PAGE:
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When it comes to negotiating a tenant improvement allowance, there are common phrases you will hear from commercial listings agents while space tours:
"We can turnkey the space for you."
"The landlord is willing to put in the work."
"The landlord will provide the cash and you can spend the money."
Most spaces need renovation, if not a substantial facelift. Most landlords have deep enough pockets to play banker - afterall, if they throw money at making space more beautiful they end up leasing their space.
1) You should always ask for a cash allowance first, and then settle for a tenant improvement allowance second.
They are the same thing except that a cash allowance is a check with no questions asked. You can take the next flight to Vegas with it if you wish. A tenant improvement allowance (also known as a leasehold improvement allowance) means you actually have to improve the space. Also, you have to come up with your own money to first pay for the improvements, and then you are reimbursed. It should really be called a tenant improvement reimbursement.
2) Know that you are being charged 10%.
There is no such thing as a free lunch. While the landlord is reimbursing you for the cost of construction, they are also charging you 10% on the money they are "lending" you. It is because they have an "opportunity cost". If they lend you money to build your space, that is money they do not have to buy the next building.
So if the landlord provides the allowance and does not move the $20 net rental rate, the effective net rent is $12.50 ($20.00 - $7.50) - not a good deal for the landlord compared to you leasing it at $18 and doing your own work. Therefore the landlord would counter with absorbing the construction amount and the net rent goes up to $25.50 ($18 as the "finish line" as-is rental rate, plus the amortization of $7.50 per square foot per year).
If you can get access to cash at less than 10% (most of us can do much better than that!), then you would be further ahead to spend your own money and take the $18 as-is, final net rent. The downside is that you have $150,000 less available to you to operate your business.
3) Generally the landlord offers half of what is actually required.
As per the example above, a "turnkey" allowance is usually not turnkey at all. In most cases it is only 50% of what is actually required. This allows the landlord to advertise a more digestible net rental rate and you get to the next step of commitment. Once you find out the landlord allowance will not cover your entire build out cost you are typically emotionally connected to the space and find the extra funds on your end to cover the total cost.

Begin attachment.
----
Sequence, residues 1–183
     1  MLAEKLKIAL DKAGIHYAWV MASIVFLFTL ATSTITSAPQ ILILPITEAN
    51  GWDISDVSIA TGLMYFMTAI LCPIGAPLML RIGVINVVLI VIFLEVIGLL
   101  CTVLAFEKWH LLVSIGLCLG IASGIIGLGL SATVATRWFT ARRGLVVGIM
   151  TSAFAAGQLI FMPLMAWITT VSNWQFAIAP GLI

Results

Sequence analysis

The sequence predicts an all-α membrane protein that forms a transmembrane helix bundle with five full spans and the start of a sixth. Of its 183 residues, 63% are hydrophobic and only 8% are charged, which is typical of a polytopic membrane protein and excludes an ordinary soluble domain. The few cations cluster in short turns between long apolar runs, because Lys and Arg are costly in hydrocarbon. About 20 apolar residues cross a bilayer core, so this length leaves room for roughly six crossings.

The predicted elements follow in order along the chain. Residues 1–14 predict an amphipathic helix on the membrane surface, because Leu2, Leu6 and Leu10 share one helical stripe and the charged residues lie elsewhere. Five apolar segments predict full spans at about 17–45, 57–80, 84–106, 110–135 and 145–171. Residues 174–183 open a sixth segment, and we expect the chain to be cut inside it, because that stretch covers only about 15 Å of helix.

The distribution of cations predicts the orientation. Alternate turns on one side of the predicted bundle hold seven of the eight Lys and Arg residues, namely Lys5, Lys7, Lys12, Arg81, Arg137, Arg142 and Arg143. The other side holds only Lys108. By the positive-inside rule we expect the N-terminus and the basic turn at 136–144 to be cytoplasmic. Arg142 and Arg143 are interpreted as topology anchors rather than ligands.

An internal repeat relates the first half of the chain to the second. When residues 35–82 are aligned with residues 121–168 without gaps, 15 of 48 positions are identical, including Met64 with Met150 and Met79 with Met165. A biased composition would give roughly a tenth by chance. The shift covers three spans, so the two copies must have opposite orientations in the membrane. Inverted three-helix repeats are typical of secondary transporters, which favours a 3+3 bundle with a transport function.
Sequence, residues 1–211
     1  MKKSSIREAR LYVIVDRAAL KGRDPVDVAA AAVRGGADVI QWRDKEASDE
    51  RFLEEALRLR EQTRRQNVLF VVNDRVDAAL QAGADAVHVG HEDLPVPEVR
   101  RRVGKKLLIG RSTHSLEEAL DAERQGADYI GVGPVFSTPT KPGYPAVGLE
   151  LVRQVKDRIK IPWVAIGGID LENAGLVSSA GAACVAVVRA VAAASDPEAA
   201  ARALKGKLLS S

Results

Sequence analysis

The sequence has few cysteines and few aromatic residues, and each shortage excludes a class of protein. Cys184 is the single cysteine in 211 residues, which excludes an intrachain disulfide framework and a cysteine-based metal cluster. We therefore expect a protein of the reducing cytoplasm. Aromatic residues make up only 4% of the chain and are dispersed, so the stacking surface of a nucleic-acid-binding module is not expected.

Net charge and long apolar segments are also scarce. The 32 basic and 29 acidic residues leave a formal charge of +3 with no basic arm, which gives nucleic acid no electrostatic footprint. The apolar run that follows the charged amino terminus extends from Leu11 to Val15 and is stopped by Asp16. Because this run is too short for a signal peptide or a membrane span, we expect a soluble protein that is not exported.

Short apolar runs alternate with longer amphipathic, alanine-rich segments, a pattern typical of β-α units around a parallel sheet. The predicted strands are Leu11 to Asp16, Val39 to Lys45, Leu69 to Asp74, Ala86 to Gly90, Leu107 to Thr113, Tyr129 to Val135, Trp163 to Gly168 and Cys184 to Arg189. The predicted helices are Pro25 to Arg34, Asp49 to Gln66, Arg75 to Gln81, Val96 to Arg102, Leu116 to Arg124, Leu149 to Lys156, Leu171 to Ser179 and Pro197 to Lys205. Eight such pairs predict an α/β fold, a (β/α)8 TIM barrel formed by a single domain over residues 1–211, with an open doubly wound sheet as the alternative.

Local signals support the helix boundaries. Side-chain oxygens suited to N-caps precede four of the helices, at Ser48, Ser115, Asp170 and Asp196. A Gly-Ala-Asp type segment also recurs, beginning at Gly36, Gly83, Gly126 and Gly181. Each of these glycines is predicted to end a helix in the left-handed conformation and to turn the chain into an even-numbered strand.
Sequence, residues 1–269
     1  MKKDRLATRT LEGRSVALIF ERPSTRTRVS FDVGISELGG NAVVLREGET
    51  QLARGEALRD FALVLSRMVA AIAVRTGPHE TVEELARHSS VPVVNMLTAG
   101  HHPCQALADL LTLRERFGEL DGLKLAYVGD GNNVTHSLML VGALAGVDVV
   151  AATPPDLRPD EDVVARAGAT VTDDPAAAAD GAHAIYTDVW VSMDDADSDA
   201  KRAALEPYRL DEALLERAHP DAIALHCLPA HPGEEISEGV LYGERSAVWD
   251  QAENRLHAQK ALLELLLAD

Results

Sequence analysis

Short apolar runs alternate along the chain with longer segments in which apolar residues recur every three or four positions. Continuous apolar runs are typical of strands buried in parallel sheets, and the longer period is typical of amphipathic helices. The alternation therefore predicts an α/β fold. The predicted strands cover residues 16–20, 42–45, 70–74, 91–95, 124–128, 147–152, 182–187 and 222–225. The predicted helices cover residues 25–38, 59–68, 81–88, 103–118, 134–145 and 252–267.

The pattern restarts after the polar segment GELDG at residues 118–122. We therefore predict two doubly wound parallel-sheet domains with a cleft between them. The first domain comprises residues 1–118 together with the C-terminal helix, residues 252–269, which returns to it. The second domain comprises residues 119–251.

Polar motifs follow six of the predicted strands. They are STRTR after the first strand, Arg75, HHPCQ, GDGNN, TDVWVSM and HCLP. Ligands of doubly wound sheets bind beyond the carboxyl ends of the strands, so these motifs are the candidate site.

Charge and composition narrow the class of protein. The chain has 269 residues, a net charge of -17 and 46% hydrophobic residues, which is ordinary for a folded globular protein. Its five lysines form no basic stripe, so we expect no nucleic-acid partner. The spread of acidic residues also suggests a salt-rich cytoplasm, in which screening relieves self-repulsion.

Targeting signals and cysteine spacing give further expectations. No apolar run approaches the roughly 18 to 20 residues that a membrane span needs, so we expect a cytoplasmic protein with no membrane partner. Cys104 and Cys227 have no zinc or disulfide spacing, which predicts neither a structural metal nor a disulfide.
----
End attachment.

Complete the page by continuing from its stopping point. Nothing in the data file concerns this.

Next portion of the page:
4) Always get permits.
We just saw a case in which a law firm did their own work, and thought they could demolish a demising wall without a permit. The demolition and construction went smoothly, they successfully expanded into the adjacent unit and everything went well. The problem came when they applied for their reimbursement and the landlord required a building permit. Since they did not have a permit, the landlord would not release the leasehold improvement allowance.
5) Ask for Progress Payments.
Most lease clauses state that a tenant must complete their entire project before submitting receipts for reimbursement. This could create a 90-120 cash bottleneck. Suggest asking for 2-3 progress payments so that on a three-month construction project that is expensive, you are reimbursed three separate times, not just one lump sum at the end of the project.
6) Ensure the amount is PLUS taxes.
This minor oversight will cost you an amount equal to the state or provincial tax. Here is a recent example from Toronto - in which the amount did not mention taxes. The Province of Ontario has 13% tax. One tenant at about 10,000 square feet achieved an allowance of $339,000 ($30 per square foot, plus 13% tax), and another tenant received $300,000 (10,000 square feet x $30 per square foot, no mention of tax).
7) Apply the balance to free rent.
A typical landlord will reimburse for receipts rendered and they will "keep the change". A proper leasehold improvement allowance will state that the unused portion shall be applied to rent as it falls due under the lease. I have seen a case in which a renewing tenant was allowed to apply that unused portion to rent in the renewal term. Not all landlords would allow for this, and it was only discovered by the tenant's new broker - the tenant has completely forgotten about the allowance and how much was spent during the last construction period.
Here is an example of a tenant-friendly Tenant Improvement clause:
The Landlord hereby agrees to pay to the Tenant an allowance (the "Tenant Improvement Allowance") of thirty dollars ($30.00) per square foot of Rentable Area of the Premises, plus applicable taxes. The Landlord shall pay the Tenant Improvement Allowance to the Tenant in instalments as costs are incurred by the Tenant as established by invoices delivered to the Landlord for work done in the Premises. Any unused portion of the Tenant Improvement allowance shall be paid as a cash allowance (the "Cash Allowance") to the Tenant on the Commencement Date. Any additional costs to improve the Premises shall be at the sole cost and expense of the Tenant (other than costs outlined in Schedule "B"- "Landlord's Work" attached here to).